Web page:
Ashing, Teleporting Add to I Am Number Four Visual Effects
February 24, 2011

Ashing, Teleporting Add to I Am Number Four Visual Effects

In the world of I Am Number Four (a DreamWorks film, directed by DJ Caruso, produced by Michael Bay and adapted from the novel “I Am Number Four” by Pittacus Lore), nine youngsters from a distant planet have been evacuated to Earth. As the last survivors of their homeland, they are being hunted down by alien assassins who must destroy them one by one, in numerical order.
Visual effects for the movie were supervised by Greg McMurry and completed by several facilities, including Santa Monica- and Vancouver-based Entity FX, who handled ashing and teleporting sequences, among other effects.

“The film centers on John Smith, played by Alex Pettyfer, who is trying to live life as a normal teenager in Ohio,” said Mat Beck, Senior Visual Effects Supervisor at Entity FX. “He faces all of the usual problems of blending into high school with one additional challenge: he needs his extraterrestrial powers to develop before he is found and killed. If Number Three dies, he is in mortal danger: he is Number Four.”

Entity FX's key effects for the battles that follow include superspeed and teleporting powers for Number Six, played by Teresa Palmer.

“The character has the ability to disappear into pulsating energy and re-appear elsewhere; she would sometimes actually disappear in one part of the frame and re-enter in a different part,” Beck said. “We modeled her in 3D, which allowed us to track light and energy elements to her movement. We were also able to distort the background and bring the physical colors of her clothing, hair and so forth into the energy field.”

Aliens killed in the movie dematerialize with a signature "ashing" effect, another main type of visual effect done by Entity FX artists. When the evil Mogadorians die, they turn grey, transform into statues and then explode into chunks, which turn to swirling dust.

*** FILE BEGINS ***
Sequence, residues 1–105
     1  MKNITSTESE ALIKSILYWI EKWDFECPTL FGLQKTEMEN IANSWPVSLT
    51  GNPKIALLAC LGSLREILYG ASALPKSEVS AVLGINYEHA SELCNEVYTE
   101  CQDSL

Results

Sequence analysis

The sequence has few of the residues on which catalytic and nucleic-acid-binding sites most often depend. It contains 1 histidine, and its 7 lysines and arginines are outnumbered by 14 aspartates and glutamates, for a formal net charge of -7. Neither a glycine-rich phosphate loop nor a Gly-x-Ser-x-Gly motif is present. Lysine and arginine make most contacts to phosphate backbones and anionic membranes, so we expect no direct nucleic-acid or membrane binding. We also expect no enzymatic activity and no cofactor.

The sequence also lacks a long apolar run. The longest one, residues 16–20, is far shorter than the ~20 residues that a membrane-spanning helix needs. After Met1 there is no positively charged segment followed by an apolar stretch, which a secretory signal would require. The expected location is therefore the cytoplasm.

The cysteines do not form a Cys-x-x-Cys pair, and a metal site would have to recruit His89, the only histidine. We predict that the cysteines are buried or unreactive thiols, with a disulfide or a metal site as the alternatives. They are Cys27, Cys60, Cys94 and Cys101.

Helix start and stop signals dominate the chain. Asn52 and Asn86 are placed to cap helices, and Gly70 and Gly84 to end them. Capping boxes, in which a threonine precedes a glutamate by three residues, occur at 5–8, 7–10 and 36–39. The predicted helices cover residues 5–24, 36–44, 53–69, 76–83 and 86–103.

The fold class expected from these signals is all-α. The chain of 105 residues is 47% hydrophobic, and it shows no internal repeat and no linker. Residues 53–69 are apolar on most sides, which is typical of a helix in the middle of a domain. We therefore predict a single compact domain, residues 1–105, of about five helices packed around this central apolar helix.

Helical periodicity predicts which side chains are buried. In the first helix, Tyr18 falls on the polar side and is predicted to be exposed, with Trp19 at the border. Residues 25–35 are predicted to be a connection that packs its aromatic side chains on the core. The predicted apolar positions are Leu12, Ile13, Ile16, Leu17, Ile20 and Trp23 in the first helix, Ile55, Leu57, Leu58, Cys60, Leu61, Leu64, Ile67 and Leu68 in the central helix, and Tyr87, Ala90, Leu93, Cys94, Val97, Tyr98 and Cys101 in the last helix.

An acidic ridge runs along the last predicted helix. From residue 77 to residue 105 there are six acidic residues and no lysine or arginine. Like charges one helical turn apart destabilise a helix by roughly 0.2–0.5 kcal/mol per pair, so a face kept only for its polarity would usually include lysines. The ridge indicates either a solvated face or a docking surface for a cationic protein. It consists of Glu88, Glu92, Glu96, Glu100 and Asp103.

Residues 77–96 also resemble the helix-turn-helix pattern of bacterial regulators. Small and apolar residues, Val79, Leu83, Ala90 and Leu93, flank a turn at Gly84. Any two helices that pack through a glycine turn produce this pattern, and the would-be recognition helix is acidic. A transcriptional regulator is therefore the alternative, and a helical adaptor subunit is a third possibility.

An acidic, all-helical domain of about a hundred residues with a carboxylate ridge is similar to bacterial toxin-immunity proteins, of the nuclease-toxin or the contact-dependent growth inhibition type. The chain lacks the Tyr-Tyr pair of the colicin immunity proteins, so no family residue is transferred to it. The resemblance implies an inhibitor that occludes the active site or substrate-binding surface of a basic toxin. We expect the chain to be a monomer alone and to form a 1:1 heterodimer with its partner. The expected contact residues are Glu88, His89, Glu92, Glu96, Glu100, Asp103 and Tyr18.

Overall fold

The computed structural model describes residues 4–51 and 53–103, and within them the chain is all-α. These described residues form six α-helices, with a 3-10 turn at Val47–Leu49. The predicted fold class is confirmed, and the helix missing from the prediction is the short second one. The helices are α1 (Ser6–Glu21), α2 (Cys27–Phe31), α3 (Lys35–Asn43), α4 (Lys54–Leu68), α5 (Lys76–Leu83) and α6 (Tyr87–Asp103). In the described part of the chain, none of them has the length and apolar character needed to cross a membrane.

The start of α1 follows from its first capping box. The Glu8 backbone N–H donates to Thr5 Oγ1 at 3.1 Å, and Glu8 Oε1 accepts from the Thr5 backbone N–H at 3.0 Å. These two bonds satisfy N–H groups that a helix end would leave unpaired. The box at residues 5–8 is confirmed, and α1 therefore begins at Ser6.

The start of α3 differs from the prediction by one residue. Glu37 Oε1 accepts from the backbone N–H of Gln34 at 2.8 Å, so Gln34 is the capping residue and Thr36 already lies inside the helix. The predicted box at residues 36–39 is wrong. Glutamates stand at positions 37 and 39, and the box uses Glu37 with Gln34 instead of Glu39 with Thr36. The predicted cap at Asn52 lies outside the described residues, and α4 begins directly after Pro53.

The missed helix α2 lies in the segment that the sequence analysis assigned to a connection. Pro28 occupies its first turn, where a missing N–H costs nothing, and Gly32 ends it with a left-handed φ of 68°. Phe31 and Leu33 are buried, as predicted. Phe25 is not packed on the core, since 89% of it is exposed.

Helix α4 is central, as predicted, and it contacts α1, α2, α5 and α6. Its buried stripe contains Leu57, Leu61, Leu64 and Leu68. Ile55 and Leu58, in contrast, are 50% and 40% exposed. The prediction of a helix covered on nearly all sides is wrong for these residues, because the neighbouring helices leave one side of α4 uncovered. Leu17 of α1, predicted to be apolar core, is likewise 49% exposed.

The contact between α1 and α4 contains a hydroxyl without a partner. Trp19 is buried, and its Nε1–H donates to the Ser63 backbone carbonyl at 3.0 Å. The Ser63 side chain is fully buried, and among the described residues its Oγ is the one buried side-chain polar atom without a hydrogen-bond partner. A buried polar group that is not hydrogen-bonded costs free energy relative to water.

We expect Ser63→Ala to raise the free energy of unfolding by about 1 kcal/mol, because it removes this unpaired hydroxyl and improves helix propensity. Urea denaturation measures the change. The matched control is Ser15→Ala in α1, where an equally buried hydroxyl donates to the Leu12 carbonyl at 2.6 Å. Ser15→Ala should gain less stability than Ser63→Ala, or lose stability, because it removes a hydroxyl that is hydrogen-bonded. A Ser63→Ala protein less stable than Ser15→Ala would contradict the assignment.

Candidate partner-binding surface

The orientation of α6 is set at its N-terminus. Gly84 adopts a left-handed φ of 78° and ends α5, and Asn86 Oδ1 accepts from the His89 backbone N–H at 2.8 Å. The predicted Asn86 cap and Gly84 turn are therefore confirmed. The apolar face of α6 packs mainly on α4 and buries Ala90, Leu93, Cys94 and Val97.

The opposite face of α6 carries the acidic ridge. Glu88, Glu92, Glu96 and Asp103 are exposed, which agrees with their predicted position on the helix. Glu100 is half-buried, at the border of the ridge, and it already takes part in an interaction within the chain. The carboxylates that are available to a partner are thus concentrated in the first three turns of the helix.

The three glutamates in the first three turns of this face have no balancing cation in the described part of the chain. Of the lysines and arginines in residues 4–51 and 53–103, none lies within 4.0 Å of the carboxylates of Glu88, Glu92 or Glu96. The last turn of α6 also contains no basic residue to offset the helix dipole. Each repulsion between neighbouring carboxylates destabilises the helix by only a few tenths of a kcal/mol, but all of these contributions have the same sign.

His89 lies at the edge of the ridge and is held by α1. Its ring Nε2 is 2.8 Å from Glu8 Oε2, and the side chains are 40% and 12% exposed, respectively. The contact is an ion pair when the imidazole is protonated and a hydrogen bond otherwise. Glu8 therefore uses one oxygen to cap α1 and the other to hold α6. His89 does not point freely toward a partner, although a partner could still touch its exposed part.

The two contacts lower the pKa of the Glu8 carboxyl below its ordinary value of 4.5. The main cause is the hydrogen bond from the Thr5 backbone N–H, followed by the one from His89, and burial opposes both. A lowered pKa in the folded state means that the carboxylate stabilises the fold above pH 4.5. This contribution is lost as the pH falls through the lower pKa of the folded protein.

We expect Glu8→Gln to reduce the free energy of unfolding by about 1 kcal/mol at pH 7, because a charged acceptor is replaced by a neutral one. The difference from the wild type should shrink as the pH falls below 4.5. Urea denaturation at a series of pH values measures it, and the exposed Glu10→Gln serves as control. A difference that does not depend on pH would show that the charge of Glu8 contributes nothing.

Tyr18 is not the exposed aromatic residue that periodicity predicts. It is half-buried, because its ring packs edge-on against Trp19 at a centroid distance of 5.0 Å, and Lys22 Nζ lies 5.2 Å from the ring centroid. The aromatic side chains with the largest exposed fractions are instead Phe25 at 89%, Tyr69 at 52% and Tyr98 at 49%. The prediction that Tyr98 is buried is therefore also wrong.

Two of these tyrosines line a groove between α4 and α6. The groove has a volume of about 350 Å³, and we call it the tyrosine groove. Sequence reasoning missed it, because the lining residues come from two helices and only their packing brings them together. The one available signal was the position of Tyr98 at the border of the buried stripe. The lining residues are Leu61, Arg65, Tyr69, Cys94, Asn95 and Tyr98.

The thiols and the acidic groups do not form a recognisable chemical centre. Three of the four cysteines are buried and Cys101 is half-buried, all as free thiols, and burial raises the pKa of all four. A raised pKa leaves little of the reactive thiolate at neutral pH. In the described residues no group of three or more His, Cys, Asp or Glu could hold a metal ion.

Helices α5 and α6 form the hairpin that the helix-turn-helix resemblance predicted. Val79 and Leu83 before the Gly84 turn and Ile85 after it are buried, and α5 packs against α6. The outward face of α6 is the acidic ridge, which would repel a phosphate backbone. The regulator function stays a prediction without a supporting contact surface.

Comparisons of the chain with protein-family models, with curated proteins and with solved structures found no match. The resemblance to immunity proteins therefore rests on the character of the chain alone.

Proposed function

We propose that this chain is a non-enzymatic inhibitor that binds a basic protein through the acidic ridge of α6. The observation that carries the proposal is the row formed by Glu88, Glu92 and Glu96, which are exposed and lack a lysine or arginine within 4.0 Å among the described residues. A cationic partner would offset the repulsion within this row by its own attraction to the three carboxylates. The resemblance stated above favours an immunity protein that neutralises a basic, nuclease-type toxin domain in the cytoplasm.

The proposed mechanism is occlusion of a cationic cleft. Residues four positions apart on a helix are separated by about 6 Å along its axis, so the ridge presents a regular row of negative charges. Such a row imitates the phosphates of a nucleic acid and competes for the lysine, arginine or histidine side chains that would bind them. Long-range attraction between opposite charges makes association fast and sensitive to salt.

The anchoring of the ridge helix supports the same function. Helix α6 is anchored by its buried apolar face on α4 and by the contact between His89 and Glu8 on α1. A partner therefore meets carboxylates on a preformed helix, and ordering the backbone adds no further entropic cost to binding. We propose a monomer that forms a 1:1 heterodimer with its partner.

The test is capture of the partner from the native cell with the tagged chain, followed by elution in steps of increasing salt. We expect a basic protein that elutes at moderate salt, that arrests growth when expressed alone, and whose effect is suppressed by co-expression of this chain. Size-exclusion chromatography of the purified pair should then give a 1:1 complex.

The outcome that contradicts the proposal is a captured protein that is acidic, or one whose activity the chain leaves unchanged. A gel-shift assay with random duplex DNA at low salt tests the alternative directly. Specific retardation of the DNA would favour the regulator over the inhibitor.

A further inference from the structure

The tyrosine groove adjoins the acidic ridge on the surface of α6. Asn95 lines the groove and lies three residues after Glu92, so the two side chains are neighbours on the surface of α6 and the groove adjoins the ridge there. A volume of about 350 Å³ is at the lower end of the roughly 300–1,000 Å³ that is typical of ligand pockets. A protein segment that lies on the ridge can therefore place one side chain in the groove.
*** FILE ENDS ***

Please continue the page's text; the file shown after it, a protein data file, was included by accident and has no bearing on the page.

“The approach we developed uses 3D characters combined with particle and fluid simulations,” explained Beck. “It needed to be flexible enough so that we could apply different versions of the effect to different situations, since both bad and good aliens dematerialize but in different ways. We used in-house software to more easily customize and adjust the effect. When Mogs die, they turn to stone with skull-like faces and explode violently before disappearing into dust. When the good guys die, they transform into stone and swirling dust in a way that is more gentle and magical.”

The ashing effect was carried out in stages, each of which had distinct challenges and techniques. Beyond simply doing a desaturation on the character in the “greying” stage, artists often added texture layers to help the effect show more when darker clothing or lighting was part of the scene. In the second phase of “breaking up” the character statue, they modeled 3D versions of the character that allowed exploding pieces and elements to be correctly tracked to the human actor.

Entity FX's work in other scenes for the project included everything from CG animated bodies, body parts and digital blood to glowing swords and exploding crystals. The company also completed windshields, face replacements, split screens, green screen compositing, set cleanup and rig removal.